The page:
The Pursuit of App-iness
If you’re reading this, you almost certainly own a smartphone or tablet. Well, here’s a selection of software that can help you get to lectures on time, send covert messages to friends across the hall, and have a dog do your background reading
First thing’s first, you need to get to class on time. Enter Studious (Android, free), a timetable app with a few neat twists. Set up a weekly class on the app and not only can your phone remind you of what to take with you and when to leave, but it can automatically turn off your low-quality Kings of Leon ringtone for the duration of the class. Never again will Caleb Followill shouting about how his sex is on fire interrupt a lecture on the Salem witch trials.
Notability (iPad, £1.49), meanwhile, takes the classic act of in-class doodling into the 21st century. The app lets you annotate and amend any kind of document you can think of, then link your notes and other course material together in neat little bundles. The best part is that Notability can also record audio of your lecture and synchronise it with your notes, meaning that if you drift off in class you can find out what you missed when you started drawing a cock on that vector diagram.
If you’re the group-leading rather than cock-drawing type, then Trello (multi-platform, free) is the app for you. Trello lets you organise group working by dividing the tasks in your project into ‘cards.’ Use it correctly and you can divide up the entire project into little pieces, see who’s doing what and when, and jazz things up with the occasional .gif left smack bang in the middle of everyone’s work.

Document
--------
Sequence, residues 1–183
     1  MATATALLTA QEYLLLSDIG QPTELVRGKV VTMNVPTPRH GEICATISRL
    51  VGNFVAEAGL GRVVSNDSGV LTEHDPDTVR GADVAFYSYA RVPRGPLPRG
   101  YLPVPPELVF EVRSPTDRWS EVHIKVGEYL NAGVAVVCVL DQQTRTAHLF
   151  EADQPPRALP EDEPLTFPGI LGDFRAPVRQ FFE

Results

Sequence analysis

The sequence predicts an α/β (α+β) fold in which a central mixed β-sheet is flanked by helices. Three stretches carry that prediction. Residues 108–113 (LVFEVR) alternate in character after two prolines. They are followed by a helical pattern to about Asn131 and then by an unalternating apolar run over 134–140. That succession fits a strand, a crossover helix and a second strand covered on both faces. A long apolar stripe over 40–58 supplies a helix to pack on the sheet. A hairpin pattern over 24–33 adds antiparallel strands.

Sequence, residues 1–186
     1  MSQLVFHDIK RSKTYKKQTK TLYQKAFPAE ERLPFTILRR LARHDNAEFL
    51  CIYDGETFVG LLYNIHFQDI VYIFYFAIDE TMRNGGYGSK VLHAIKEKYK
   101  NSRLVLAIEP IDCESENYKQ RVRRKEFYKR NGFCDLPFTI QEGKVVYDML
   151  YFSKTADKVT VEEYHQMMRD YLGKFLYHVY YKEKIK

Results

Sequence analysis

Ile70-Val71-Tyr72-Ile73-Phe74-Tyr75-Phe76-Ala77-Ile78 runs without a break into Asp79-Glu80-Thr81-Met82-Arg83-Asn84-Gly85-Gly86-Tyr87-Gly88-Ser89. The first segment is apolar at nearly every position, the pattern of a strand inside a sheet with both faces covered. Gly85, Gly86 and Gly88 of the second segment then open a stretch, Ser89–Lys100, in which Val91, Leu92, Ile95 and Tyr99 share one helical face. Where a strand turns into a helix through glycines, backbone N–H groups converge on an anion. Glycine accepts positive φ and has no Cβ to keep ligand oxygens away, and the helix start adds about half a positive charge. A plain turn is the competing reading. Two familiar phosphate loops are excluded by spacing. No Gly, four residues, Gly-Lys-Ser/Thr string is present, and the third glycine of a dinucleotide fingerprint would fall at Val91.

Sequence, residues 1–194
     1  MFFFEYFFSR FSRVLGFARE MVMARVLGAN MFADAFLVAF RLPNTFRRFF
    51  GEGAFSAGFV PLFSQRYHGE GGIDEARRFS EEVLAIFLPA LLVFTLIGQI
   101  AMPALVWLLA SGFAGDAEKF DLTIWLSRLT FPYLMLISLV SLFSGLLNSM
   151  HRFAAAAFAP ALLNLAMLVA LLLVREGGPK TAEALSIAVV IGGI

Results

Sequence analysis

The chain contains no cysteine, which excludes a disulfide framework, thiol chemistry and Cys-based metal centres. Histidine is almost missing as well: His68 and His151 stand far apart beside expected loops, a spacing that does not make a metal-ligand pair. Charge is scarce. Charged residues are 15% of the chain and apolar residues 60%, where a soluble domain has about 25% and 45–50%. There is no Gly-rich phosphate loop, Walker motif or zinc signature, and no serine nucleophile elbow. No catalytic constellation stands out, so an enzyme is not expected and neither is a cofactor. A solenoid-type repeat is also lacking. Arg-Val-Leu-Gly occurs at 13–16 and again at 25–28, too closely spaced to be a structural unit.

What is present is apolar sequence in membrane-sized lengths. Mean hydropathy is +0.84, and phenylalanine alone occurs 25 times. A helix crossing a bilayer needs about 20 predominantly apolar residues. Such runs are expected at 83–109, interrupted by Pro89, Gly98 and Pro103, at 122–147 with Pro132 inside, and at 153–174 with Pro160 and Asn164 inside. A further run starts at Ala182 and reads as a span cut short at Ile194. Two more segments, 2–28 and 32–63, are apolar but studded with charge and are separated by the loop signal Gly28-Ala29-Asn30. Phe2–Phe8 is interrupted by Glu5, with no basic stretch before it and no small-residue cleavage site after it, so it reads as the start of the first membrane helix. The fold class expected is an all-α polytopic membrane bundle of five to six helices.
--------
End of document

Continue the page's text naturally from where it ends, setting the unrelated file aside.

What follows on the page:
Speaking of unexpected online deliveries, we aren’t going to recommend everyone’s favourite obscene photograph delivery system Snapchat. We are going to recommend Voxer (iOS and Android, free), because it can turn your phone into a walkie-talkie. You’re welcome. Voxer lets you send voice, photo and location messages to your friends over WiFi, allowing you to alert all of your new university friends at once to the fact that you are in a playpark at 4am while also providing a photograph and precise GPS location of said playpark.
And if you really want to see some bizarre images sent from an app, then grab an iPad and download gui.de (iPad, free). It’s a news app – add your favourite sites, sources and articles to its feed, and then choose from a dog or a robot. gui.de’s gimmick is that the web is read to you by a creepy disembodied head that sounds a little like Stephen Hawking, with your head options ranging from small animated animal to Japanese anime man to the robot from that Bjork video back in the day. That’s the future you’re helping to create, students – a world where dogs read the news.